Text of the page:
Change Comes to Intermountain School

The Civil Rights Movement of the 1960s had a tremendous impact on all social groups in America. Native Americans were among those who campaigned for more equality. By the 1970s, this caused a shift in the way Native Americans were treated and in the way they campaigned for their rights.

With so many social and political changes during this time, it was not surprising that Intermountain would feel the impact.

The 1970s and Concerns About Intermountain

Student bank
Intermountain students had accounts in the school bank, but the handling of these accounts was a cause of concern for some during the 1970s.

The American Indian Movement (AIM) held protests across the country to bring attention to the unfair treatment and portrayal of Native Americans in society and in the teaching of American history. Boarding schools in general came under renewed criticism, and Intermountain was no exception. AIM member Lehman Brightman visited Intermountain and raised a number of concerns. These included the unpalatable food, mixing of ages in dorms, harsh discipline for students who used alcohol (with punishments like having their heads shaved or being given the antipsychotic drug Thorazine), the way students’ money was managed, and the quality of education provided at Intermountain. Also of concern was the low percentage of Native teachers and low student achievement goals. Some students agreed with this assessment. Others disagreed and protested AIM’s findings. Either way, it was clear that change was coming to Intermountain.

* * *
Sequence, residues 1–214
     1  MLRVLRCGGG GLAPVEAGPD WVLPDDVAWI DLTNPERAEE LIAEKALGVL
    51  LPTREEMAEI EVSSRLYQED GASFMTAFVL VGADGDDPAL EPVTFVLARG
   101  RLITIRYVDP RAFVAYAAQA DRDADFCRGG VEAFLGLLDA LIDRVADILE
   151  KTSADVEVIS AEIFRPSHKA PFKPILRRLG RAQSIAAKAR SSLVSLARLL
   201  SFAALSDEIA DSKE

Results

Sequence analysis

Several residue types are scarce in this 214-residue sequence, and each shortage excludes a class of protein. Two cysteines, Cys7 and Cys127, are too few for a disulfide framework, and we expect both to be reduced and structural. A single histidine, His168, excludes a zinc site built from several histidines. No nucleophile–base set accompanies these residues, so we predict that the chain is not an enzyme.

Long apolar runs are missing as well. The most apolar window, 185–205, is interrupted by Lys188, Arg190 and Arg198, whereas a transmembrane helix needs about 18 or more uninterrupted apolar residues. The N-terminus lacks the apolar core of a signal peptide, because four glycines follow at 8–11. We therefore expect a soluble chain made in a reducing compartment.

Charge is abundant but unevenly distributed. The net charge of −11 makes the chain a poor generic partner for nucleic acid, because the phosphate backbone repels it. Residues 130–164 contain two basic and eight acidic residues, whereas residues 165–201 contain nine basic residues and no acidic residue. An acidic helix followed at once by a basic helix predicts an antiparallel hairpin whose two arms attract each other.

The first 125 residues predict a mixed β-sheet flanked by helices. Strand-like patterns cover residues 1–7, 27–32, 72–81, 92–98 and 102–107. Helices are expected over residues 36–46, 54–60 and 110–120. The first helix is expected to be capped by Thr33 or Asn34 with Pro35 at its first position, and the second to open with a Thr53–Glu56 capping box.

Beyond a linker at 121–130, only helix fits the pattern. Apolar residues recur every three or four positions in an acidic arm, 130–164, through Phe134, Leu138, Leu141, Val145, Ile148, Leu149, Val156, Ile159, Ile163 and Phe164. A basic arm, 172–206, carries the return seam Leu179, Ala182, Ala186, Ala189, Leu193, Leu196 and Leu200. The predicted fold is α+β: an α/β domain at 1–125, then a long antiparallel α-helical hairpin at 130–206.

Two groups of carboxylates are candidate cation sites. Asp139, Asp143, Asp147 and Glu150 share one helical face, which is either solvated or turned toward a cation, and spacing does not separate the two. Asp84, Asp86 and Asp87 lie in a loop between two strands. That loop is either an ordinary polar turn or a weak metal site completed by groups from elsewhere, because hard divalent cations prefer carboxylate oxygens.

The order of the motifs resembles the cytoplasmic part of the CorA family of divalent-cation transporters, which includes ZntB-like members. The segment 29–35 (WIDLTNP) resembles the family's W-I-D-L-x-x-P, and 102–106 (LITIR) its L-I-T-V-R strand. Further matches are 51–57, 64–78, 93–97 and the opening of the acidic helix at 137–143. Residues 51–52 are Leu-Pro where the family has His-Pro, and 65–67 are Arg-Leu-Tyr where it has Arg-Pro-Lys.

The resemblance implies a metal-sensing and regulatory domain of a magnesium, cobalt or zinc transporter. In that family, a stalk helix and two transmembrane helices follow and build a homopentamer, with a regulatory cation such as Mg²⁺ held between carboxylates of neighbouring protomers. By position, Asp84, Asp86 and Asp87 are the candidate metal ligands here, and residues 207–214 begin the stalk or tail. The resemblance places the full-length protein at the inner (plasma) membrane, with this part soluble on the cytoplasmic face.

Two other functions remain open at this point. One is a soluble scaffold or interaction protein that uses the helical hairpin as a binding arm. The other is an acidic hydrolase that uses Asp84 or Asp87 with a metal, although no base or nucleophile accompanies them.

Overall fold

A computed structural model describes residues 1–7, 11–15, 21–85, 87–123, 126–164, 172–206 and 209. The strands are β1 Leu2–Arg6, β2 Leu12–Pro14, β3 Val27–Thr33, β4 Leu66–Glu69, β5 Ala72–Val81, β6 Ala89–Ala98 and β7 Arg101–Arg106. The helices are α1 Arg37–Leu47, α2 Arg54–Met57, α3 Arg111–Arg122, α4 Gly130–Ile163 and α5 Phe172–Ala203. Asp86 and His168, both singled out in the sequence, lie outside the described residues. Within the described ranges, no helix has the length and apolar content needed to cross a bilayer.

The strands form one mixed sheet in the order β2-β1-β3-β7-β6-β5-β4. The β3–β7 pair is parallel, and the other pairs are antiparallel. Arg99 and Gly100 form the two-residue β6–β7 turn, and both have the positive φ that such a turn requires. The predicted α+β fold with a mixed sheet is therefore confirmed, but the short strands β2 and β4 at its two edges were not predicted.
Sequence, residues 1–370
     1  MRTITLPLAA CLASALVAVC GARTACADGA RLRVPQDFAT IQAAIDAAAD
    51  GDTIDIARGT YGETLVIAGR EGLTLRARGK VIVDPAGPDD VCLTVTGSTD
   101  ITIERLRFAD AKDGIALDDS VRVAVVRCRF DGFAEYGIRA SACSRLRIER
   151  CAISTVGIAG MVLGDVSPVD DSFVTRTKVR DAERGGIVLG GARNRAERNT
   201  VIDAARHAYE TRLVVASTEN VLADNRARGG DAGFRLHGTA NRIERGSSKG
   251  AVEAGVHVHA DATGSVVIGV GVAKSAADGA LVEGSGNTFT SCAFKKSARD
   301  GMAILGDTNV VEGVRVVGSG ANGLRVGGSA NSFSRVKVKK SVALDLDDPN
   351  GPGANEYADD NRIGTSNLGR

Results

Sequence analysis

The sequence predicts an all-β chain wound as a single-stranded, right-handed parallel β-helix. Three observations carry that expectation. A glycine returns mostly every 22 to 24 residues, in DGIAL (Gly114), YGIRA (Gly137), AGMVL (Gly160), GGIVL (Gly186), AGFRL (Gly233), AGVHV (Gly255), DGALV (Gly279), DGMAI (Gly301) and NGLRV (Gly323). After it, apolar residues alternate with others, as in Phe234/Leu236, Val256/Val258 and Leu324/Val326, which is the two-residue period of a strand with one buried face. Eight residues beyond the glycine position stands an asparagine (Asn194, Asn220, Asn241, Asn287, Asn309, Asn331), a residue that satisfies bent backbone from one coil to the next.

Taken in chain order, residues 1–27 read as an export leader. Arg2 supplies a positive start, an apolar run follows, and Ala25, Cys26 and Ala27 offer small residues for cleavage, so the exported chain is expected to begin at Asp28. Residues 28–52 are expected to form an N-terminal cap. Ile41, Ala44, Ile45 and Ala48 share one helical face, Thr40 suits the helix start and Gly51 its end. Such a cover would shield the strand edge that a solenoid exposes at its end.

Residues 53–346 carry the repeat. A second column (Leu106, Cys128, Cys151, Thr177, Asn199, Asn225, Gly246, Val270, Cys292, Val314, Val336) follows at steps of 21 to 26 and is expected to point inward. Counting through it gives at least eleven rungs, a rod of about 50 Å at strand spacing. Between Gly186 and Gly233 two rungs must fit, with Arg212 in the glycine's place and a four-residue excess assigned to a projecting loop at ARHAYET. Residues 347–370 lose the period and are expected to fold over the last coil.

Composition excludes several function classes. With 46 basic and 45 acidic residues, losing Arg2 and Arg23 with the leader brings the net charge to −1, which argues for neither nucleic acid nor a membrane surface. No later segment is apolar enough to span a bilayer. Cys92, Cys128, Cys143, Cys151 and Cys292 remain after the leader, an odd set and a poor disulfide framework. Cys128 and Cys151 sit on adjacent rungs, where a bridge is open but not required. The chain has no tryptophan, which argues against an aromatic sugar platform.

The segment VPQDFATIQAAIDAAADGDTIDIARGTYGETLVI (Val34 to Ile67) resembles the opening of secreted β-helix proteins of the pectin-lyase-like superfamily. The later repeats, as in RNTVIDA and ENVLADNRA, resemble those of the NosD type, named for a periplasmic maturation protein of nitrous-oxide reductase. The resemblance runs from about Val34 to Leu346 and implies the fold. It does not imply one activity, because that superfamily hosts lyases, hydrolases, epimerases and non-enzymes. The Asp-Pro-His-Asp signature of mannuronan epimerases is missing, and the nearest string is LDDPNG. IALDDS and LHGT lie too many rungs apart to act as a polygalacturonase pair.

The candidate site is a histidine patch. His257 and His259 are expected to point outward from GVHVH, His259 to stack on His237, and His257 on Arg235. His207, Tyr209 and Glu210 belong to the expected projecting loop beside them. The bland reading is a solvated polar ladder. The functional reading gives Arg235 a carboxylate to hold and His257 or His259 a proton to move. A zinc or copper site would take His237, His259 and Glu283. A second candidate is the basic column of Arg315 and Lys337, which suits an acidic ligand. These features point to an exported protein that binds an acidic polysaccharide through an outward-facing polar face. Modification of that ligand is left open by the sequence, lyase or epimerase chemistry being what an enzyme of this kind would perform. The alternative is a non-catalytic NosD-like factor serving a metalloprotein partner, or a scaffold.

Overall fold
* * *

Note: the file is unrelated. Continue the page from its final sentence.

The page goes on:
Kaia Landon and Katie Conrad, "Outside the Homeland: The Intermountain Indian School," Box Elder Museum of Art, History, and Nature,  http://exhibits.boxeldermuseum.org/exhibits/show/intermoutain-indian-school.
Carol Tonnies, "Away for the Homeland: Why Students Fought to Keep Intermountain Indian School Open” (master’s thesis, Utah State University, 2016), https://digitalcommons.usu.edu/gradreports/849/.